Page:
Free Access
Issue
A&A
Volume 530, June 2011
Article Number L1
Number of page(s) 4
Section Letters
DOI https://doi.org/10.1051/0004-6361/201016295
Published online 27 April 2011

© ESO, 2011

1. Introduction

The core of coronal mass ejection (CME) clouds occasionally exposes very bright concentrated patches in white-light coronagraphs. They are interpreted as cool plasma material from a prominence that was embedded inside the streamer environment of the CME before the eruption. During the eruption process, the prominence is then expelled along with the surrounding streamer plasma.

Poland & Munro (1976) report one such observation made on 21 August 1973, 15:11 UT with the Skylab white-light coronagraph and its HeII 30.4 nm spectroheliograph. About 18 min before, an Hα image taken at the Sacramento Peak Observatory had shown bright patches extending out to 1.42 R but fading in intensity with time. Even though the coronagraph field-of-view was limited to above 1.5 R, it was concluded that Hα radiation contributed to the white-light image because its signal was less polarised in some bright patches than in the surrounding region.

Hα radiation is the result of the electronic j = 3 → j = 2 transition of the hydrogen atom. In equilibrium at an electron temperature below 50 000 K, the j = 3 level is populated much more by absorption of the ambient Lyβ radiation than by absorption of photospheric Hα. This causes a substantial decrease in polarisation of the emitted Hα radiation below the theoretical maximum value of 30% for pure resonant scattering (Poland & Munro 1976). Besides, the Hanle effect caused by the coronal magnetic field (Sahal-Brechot et al. 1977; Heinzel et al. 1996) and collisional depolarisation (Bommier et al. 1986) reduce the amount of polarisation even further. As a result, the linear polarisation of Hα radiation observed in prominences well above the limb ranges from a fraction of a percent (Gandorfer 2000; Wiehr & Bianda 2003) to a few percent (Leroy et al. 1984).

The white-light emission of the solar K-corona originates in Thomson-scattering of photospheric light by free electrons. Detailed description of the Thomson-scattering theory can be found in various papers (e.g., Minnaert 1930; van de Hulst 1950; Billings 1966). The anisotropy of the incident light causes the observed scattered radiation to exhibit a polarisation parallel to the visible limb. The degree of polarisation depends on the distance from the solar surface and on the scattering angle to the observer. Indeed, it has been proposed to use the observed degree of polarisation to estimate the distance of the coronal scattering volume off the plane of the sky (POS, e.g., Moran & Davila 2004; Dere et al. 2005; Vourlidas & Howard 2006). Hence, a reduction of polarisation of a white-light signal from the corona can in principle also be explained by a geometric effect, and Poland and Munro’s conclusion only holds if it is assumed that the Hα material is well embedded in the CME cloud of enhanced electron density and is located close to the POS of the observer.

In this Letter, we report the observation of a similar incidence with the COR1 coronagraph on board the two STEREO spacecraft A and B. In addition to the polarisation measurements from which we determine the azimuthal barycentre position of the CME plasma, a stereoscopic triangulation of the low-polarisation patch proves that the prominence material is well embedded inside the CME.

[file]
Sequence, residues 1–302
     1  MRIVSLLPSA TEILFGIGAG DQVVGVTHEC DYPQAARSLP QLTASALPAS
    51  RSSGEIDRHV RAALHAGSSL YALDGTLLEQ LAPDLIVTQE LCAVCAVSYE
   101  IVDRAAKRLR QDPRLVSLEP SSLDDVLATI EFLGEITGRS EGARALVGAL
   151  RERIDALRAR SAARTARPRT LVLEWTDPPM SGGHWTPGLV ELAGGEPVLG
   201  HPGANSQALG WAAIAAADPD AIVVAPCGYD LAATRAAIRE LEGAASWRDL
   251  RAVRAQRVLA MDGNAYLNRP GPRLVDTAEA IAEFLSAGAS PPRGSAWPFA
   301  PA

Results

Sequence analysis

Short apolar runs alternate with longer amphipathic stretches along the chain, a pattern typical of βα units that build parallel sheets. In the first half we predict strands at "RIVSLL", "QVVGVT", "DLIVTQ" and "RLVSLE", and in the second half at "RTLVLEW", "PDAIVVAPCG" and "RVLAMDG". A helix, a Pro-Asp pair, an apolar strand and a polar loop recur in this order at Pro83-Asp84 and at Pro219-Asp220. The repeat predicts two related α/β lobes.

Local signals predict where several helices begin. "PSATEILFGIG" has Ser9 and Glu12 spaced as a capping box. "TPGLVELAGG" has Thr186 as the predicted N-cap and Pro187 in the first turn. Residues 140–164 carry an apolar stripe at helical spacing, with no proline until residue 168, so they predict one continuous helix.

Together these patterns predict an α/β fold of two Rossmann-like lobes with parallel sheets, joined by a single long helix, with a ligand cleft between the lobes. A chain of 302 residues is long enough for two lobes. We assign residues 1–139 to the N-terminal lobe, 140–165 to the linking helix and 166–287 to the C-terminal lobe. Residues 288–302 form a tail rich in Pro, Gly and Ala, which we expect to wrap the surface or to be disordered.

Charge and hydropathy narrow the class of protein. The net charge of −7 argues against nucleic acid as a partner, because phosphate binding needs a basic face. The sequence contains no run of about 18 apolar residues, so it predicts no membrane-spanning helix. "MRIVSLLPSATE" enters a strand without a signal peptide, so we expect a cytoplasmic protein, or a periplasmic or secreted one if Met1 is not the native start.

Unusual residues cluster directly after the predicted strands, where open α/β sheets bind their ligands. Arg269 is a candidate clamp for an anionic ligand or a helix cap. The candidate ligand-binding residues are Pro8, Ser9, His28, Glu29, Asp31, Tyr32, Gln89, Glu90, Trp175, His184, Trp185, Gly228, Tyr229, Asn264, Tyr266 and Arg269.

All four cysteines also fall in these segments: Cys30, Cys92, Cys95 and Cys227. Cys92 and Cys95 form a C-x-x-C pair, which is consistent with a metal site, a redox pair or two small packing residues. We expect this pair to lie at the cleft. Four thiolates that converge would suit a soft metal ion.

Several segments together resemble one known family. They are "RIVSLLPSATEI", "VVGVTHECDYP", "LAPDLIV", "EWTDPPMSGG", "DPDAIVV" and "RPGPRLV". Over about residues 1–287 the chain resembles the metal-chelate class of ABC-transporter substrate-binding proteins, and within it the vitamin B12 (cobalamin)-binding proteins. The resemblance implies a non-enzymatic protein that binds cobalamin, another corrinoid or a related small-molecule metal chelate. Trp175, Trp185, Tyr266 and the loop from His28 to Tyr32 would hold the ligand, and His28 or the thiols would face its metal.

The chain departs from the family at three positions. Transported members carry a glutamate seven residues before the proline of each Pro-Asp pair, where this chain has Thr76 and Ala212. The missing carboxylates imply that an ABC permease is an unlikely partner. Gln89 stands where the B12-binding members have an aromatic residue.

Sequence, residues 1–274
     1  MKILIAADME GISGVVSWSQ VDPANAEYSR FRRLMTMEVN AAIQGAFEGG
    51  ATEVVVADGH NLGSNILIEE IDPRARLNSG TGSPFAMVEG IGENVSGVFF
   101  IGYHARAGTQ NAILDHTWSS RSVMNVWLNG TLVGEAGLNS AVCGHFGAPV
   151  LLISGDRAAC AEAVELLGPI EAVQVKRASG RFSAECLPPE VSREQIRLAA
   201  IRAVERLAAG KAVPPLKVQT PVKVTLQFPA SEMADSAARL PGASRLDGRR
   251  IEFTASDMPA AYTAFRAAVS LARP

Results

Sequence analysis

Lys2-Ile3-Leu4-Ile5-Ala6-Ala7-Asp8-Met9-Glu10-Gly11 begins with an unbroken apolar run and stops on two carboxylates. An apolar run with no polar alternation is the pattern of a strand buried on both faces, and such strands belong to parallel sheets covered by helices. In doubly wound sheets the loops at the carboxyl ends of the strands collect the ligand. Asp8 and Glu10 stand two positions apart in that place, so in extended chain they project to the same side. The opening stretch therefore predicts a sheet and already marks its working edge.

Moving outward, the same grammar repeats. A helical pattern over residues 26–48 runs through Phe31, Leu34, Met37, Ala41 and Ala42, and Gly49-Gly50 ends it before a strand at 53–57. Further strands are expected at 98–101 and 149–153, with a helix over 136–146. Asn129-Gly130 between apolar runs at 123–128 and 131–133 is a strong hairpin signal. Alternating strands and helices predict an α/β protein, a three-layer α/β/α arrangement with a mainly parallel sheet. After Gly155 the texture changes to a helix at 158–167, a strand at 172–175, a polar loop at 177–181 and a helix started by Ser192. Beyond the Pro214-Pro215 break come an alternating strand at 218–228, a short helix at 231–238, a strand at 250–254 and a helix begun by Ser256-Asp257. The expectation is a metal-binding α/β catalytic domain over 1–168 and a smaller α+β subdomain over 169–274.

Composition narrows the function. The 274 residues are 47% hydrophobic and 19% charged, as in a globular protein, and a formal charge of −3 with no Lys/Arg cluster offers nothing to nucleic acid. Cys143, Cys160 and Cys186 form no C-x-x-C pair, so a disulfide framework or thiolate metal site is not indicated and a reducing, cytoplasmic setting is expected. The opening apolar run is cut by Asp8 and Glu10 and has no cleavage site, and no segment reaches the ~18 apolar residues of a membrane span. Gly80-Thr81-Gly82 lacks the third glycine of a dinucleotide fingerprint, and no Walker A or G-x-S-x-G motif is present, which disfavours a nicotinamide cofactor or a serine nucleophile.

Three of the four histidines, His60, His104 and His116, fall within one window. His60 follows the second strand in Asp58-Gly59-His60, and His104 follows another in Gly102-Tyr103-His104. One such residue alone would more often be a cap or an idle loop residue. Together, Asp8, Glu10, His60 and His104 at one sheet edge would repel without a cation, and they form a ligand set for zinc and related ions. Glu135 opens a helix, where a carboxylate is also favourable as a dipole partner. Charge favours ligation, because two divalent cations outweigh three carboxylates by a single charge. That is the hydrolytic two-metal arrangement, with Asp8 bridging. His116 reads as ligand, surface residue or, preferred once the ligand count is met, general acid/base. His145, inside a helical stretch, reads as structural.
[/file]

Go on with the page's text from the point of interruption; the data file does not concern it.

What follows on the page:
2. Observations

EUVI and COR1 are the multi-wavelength EUV telescope and the innermost coronagraph of the Sun Earth Connection Coronal and Heliospheric Investigation (SECCHI) instrument suite (Howard et al. 2008) aboard the twin Solar TErrestrial RElations Observatory spacecraft (STEREO, see Kaiser et al. 2008). Each of the COR1/STEREO telescopes has a field of view from 1.4 to 4 R and observes in a white-light waveband 22.5 nm wide centred at the Hα line at 656 nm (Thompson & Reginald 2008). The COR1 coronagraphs take polarised images at three different polarisation angles at 0, 120, and 240 degrees. These primary data allow to derive Stokes I, U and Q components and finally total (tB), polarised (pB) and unpolarised brightness (uB = tB − pB) images.

The start of a prominence eruption was observed in EUVI HeII bandpass images at 30.4 nm on 31 August 2007, at around 19:00 UT. Approximately eight hours before, a dark filament was detected about 100 000 km south of an active region close to the west limb in the Hα images of Kanzelhöhe Observatory, which had disappeared the following day (http://cesar.kso.ac.at/halpha2k/archive/2007). At about 21:00 UT, the HeII prominence had risen to 1.5 R and appeared co-spatial with the bright core of a structured CME detected in COR1 images (Fig. 1, see for e.g. Cremades & Bothmer 2004, for the definition of a structured CME).

thumbnail Fig. 1

Combined images of EUVI and COR1 on board STEREO A and B. Both A and B images are synchronous with respect to the time on the Sun.

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Preliminary COR1 images of the event studied here revealed patches of extremely low polarisation in the bright CME core. These patches of low polarisation could faintly be detected even out to about 7 R in COR2 at about 2:00 UT the next day. COR2 is the outer coronagraph of STEREO/SECCHI, which covers distances from 3 to 15 R. The outward velocity of these patches started from about 170 km s-1 in COR1 and accelerated to 240 km s-1 in the COR2 field of view.

3. Data analysis

For a more quantitative analysis we removed the background contribution by subtracting a minimum intensity pB and tB image from each pB and tB images, respectively. The minimum images were obtained over a time range of 12 hours, centred at the launch time of the CME. As a result, we obtain the brightness of the CME alone. In Fig. 2 we display the resulting ratio pB/uB of polarised to unpolarised image intensities. From both instruments we see bright patches of extremely low polarisation (red, pB/tB ≈ 0.1) at about 1.5 R inside the strongly polarised CME cloud (grey, pB/tB ≈ 0.5).